Our Ketchikan stay ended up being a couple of days longer than we had hoped when some pretty stiff winds came up which push the forecasted in seas in Clarence Strait beyond our comfort range. Drake didn’t complain because he got a few extra walks and play session (when it wasn’t raining, anyway).
We left at first light on Saturday, May 13 with 15 to 20 knot winds on our stern. Fortunatey, the seas were following and not annoying at all. By the time we turned off of Clarence Strait into Ernest Sound, the winds were down to around 10 knots. Before turning into Santa Anna Inlet for the night, we dropped some prawn traps to soak over night, our first fishing effort of the season.
We were the first boat in the anchorage that day (another boat came in later) and we went close to its head and dropped our anchor. The winds were light but there were clouds which ultimately unloaded a good dose of rain at night.
The next morning we went out and pulled the pots, harvesting a sufficient number of prawns to warrant resetting them. We then returned to Santa Anna for a second night.
While in Ketchikan we learned that the Alaska Fish & Game Department had moved the commercial prawning season from beginning on October 15 to May 15. When we went out to retrieve our second set, we could see several commercial prawn fishing boats preparing to drop pots at the official start time of 8 AM. As we retrieved our last pot, a commercial boat came by and confirmed whether we were resetting (we were not), then proceeded to drop a string of its own in the area we had just vacated.
Our original plan after retrieving our pots near Santa Anna Inlet was to travel a bit further up Ernest Sound to reset prawn pots in an area we had fished last year. After seeing the activity by commercial boats we decided to not get in their way by putting our meager three down.. Instead we headed directly towards Berg Bay, an anchorage in Eastern Passage (east of Wrangell Island). As we headed towards it we saw two other pleasure craft coming from the other direction head in and anchor. Deciding the “two’s company, three’s a crowd” we elected to bypass Berg Bay ending up in Roosevelt Harbor on Zarembo Island. This also allowed us to arrive in Petersburg a day earlier.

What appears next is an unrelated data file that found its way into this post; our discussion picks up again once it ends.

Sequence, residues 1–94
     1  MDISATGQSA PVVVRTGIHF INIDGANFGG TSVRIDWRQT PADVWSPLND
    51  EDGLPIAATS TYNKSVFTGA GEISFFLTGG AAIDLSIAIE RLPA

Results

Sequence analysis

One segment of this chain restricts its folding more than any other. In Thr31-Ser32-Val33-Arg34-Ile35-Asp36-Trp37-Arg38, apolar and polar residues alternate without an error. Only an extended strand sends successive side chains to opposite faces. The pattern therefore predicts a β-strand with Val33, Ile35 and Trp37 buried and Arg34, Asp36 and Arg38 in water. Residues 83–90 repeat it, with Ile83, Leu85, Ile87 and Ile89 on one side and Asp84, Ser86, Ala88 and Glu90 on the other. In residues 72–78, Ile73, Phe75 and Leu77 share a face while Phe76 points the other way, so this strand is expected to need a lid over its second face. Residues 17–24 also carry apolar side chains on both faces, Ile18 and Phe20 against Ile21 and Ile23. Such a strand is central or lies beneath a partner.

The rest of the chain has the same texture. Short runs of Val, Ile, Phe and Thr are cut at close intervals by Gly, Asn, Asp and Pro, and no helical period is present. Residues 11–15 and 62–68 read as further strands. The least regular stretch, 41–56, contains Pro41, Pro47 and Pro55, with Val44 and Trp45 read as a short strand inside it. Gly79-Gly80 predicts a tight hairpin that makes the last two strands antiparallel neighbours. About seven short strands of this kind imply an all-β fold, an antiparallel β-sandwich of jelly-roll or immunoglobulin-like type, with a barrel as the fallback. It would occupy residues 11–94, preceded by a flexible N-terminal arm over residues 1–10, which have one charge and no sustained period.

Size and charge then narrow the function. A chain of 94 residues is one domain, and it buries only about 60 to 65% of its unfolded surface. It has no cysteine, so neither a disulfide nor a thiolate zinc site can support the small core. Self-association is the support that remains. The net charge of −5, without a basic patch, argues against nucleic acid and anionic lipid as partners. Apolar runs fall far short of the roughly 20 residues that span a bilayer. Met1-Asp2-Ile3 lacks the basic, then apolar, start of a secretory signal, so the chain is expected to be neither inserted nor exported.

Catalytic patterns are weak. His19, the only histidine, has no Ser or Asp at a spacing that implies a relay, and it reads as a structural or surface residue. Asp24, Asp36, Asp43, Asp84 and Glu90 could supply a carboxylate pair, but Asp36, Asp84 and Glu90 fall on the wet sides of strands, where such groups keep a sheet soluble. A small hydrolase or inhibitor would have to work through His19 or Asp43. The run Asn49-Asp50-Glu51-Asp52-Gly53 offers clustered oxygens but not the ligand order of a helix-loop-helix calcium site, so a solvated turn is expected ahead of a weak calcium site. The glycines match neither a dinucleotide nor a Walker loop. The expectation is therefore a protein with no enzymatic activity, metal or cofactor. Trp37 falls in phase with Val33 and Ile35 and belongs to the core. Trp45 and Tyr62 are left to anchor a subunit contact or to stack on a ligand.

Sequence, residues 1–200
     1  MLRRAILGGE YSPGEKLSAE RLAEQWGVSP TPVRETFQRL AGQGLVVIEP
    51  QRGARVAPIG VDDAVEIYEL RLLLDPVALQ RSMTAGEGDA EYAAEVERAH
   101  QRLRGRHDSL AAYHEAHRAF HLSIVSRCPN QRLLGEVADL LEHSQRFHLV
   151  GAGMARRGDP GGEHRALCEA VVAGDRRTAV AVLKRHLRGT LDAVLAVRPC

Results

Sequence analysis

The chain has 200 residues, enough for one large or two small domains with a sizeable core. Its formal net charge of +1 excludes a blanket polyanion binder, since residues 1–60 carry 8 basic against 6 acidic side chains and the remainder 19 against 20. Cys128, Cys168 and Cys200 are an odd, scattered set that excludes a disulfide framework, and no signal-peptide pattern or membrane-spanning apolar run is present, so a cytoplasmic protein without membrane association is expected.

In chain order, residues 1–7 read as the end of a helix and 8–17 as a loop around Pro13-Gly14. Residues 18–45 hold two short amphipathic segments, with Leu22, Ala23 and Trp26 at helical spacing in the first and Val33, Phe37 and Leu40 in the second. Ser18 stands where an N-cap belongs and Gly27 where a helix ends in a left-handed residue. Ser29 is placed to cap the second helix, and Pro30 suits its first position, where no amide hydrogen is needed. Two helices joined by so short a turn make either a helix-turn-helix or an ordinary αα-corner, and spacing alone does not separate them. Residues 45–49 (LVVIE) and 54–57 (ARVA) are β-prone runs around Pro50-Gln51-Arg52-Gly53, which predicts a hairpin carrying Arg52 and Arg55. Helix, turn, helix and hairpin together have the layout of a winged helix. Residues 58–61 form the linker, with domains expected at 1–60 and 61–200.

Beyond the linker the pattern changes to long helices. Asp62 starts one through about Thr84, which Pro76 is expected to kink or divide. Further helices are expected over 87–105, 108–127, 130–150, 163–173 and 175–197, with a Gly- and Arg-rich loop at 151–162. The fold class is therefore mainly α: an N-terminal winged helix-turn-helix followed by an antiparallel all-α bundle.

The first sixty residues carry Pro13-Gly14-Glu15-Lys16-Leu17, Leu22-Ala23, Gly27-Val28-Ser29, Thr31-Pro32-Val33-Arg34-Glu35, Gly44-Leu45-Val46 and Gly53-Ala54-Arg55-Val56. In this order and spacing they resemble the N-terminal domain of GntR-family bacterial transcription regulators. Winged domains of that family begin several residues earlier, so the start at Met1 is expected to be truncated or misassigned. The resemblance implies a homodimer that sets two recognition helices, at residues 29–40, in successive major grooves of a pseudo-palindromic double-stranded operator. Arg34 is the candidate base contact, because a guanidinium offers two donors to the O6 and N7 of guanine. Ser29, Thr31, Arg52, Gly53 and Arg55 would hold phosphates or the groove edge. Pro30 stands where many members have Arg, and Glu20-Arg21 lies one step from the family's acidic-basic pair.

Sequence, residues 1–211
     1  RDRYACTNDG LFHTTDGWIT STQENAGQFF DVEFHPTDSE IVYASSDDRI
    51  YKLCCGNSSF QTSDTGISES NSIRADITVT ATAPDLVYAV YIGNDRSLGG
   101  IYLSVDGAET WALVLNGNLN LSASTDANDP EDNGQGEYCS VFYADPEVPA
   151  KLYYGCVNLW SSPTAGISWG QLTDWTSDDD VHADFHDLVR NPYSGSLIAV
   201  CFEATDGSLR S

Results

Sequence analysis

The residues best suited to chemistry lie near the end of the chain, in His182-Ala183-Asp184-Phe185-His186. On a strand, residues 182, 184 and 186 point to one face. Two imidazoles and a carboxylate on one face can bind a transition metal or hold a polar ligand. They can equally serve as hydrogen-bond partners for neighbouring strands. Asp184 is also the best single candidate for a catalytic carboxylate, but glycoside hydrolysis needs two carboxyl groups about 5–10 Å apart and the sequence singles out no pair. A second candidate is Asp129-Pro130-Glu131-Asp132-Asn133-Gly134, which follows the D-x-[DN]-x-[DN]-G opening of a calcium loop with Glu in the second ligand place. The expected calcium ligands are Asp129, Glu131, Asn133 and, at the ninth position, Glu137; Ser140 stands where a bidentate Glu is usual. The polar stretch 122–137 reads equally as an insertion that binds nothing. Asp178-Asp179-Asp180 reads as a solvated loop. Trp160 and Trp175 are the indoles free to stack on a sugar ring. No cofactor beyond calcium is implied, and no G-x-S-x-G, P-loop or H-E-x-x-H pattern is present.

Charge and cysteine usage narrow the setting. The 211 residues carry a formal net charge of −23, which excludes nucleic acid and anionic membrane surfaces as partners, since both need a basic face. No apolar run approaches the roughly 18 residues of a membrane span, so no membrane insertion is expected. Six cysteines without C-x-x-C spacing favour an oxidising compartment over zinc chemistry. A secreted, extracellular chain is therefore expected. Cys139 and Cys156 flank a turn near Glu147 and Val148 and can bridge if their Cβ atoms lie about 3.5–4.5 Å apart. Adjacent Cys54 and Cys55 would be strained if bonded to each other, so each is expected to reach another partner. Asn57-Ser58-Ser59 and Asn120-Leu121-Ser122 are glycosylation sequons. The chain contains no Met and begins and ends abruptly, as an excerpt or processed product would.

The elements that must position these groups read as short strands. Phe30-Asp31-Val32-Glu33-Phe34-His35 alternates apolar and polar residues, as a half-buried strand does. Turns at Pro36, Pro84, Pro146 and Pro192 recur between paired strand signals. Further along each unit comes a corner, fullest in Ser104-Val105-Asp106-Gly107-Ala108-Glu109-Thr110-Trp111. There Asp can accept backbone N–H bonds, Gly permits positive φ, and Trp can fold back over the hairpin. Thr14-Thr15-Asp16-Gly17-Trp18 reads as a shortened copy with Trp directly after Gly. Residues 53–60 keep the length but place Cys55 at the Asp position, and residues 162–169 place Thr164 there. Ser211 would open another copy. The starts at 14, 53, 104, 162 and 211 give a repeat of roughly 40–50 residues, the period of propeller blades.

The next morning, May 16, we departed our anchorage and timed our entry into Wrangell Narrows so that we arrived in Petersburg at “high slack” (the slack current accompanying high tide). The harbor in Petersburg is infamous for the amount of current that flows across its docks. It can be a humbling experience to dock when the currents are strong. Our docking was uneventful and we tied up just near where our sistership Laysan, owned by Kathleen and John Douglas, has a permanent berth..
The main reason we left Puget Sound as early as we did was to arrive in Petersburg before the start of the Little Norway Festival. Petersburg was established by Scandinavian settlers and has an annual festival held on the weekend near May 17, the Norwegian holiday of Constitution Day. It had been about five years since we had last attended.
Besides ourselves, we were expecting Kathleen & John, who were returning on 5/17 to their boat, Laysan, and our friends Natala & Don Goodman. Natala & Don arriving on 5/18 in their float plane.
All of us had an excellent time at the festival, attending many of the events (especially the ones involving food). Marcia even joined Kathleen & John on a 4-1/2 mile run/walk working off some calories.
The main events of the Little Norway Festival ran from Friday, May 19 through Sunday, May 21. Don & Natala flew off on Monday to stay at a US Forest Service cabin on a mountain lake SE of Juneau. John & Kathleen returned to their list of chores to get Laysan ready for anther cruising system. We continued to fritter our time ashore in Petersburg and targeted to leave later in the week.
(The good photos are courtesy of Kathleen and John Douglas, the others are mine)